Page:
I have some questions about specifics of the end result you are trying to achieve. Normally when people talk about dither they are referring to a sine or square wave superimposed on the Control Output to a servo-valve. In this case it sounds like you want to modify the target for an axis. Is this correct?

What characteristics are you trying to achieve with the superimposed sine wave? Constant or variable amplitude? Constant or variable frequency?

Do you need to superimpose the sine wave on the target all the time, only when the axis is following the curve, only during part of the curve or…?

Is the curve generated once and then used over and over? Do you dynamically calculate the curve each time you use it?

Does the sine wave need to be the same every time you run the curve or is it dynamically updated each time you run the curve?

Is the sine wave frequency dependent on the master virtual axis or is it based on time?

Any details about what you ultimately are trying to accomplish will probably be helpful.

The amount of flexibility you need in the curve and sine wave generation will dictate the complexity of the solution.

Here are three options for adding the sine wave to the curve:

Generate another curve in Excel that includes the sine motion added to your original curve. This is the most restrictive, but possibly the easiest.

Generate a modified curve within the RMC. There are two options for this:
a) Generate both the original curve and the sine wave all within the RMC.
b) Start with the curve from Excel and then add the sine wave to create a new curve.
This would probably be my first choice. The choice of a) or b) depends on how you currently have Excel set up to generate your original curve.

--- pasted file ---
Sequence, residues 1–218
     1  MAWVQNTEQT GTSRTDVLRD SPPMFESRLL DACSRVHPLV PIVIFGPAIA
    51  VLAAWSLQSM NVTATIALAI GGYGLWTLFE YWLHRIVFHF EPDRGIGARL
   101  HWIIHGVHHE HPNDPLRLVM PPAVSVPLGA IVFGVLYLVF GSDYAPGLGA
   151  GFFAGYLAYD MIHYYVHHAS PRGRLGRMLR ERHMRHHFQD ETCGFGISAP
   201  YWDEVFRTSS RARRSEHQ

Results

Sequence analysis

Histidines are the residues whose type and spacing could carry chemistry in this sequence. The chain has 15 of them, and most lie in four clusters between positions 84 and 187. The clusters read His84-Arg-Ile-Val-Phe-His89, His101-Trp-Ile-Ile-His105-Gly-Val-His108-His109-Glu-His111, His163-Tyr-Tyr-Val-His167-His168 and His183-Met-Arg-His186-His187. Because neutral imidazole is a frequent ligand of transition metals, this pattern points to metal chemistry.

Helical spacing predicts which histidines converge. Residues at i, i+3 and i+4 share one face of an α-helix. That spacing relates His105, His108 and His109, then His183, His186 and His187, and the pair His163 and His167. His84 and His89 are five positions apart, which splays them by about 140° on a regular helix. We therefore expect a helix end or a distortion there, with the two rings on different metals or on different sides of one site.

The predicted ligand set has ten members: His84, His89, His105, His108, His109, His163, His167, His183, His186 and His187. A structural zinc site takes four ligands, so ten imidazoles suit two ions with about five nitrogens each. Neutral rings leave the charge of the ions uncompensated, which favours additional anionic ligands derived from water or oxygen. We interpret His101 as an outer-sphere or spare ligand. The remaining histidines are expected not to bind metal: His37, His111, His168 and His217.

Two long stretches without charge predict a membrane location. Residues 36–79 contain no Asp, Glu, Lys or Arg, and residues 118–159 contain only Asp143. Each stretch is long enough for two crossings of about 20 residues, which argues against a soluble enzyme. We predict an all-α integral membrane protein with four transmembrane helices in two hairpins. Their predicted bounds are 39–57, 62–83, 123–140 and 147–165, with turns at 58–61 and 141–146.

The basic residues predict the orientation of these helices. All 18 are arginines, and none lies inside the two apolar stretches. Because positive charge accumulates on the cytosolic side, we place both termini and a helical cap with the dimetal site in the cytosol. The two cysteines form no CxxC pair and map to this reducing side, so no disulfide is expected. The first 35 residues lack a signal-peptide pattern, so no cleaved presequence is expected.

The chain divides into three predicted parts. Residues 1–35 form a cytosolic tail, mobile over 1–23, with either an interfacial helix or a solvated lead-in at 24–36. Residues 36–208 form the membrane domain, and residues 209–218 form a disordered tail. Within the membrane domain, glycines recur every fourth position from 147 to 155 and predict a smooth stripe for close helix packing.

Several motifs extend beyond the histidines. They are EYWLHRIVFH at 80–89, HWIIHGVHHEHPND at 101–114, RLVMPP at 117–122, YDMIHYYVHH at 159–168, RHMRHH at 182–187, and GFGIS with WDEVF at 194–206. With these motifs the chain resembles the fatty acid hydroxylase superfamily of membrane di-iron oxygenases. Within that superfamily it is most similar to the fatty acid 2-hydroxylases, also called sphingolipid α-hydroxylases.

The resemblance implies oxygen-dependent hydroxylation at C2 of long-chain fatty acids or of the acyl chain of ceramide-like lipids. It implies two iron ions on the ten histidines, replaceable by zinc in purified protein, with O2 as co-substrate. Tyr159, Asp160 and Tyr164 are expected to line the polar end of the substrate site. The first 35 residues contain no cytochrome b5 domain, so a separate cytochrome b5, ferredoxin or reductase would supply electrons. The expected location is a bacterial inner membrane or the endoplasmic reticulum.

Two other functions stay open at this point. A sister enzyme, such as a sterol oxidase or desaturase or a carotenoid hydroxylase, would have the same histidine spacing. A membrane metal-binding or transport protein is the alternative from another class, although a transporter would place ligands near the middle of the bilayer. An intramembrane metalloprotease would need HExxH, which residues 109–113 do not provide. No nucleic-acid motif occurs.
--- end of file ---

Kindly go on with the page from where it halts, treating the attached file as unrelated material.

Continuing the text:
Generate the target for the axis on the fly using Advanced Gear Moves. This is the most flexible, but the most difficult.

Example: Outline of method 2b.
Load the original curve into the RMC.
Based on your sine wave frequency, select a suitable interval for the points on the new curve. (Lets say the space between points should be 1/10 of the sine wave period.)
Using the Curve Interpolation function CRV_INTERP_Y find the value of the Position of the original curve at the selected interval.
Add to this the position sine wave using the SIN function.
Create a new curve using these new points.

Do any of these mechanisms look like they will work for you?

The origin of the curves comes from CAD cross sections of a 3D model and are around 1k to 3k points, adding a hi freq dither to it would XXX the size for sure. My excel skills are lacking the chops too.

I’m curious, Is the curve offset parameter dynamic?

Example: use the sine generator virtual axis target position register in the curve offset parameter.

While the curve runs, the curve offset keeps changing to the sine generator?

It may actually be possible to do that by adjusting curve offset. However, resending the command will actually restart the curve, not continue it. You can still make it work as you want by setting the options to have an absolute master. That way, thee curve will be restarted at your current master position. You will need to use the transition command as well.

As David Shroyer mentioned, another way is to generate the target yourself with the Advanced Time Move or Advanced Gear Move commands. This is quite complicated, but we have some examples. Peter here may try it just for grins.

Another way is to run your curve on a virtual axis, and run the sine wave on another cirtual axis. Then, have a user program that continuously adds the Target Positions of the two virtual axes together and puts the result in a variable. Your real axis will then gear to that variable. For the gearing, you can use a Gear Absolute, or you can use what we call Poor-man’s gearing, where you have a user program that send a Move Absolute command every few milliseconds (requires the Target Jerk axis parameter to be set to zero).
Or, you can use just one virtual axis, and have user program contiuously calculate a sine wave that it adds to it.

So, there are several ways here to do it. The virtual axes method would require the least amount of programming.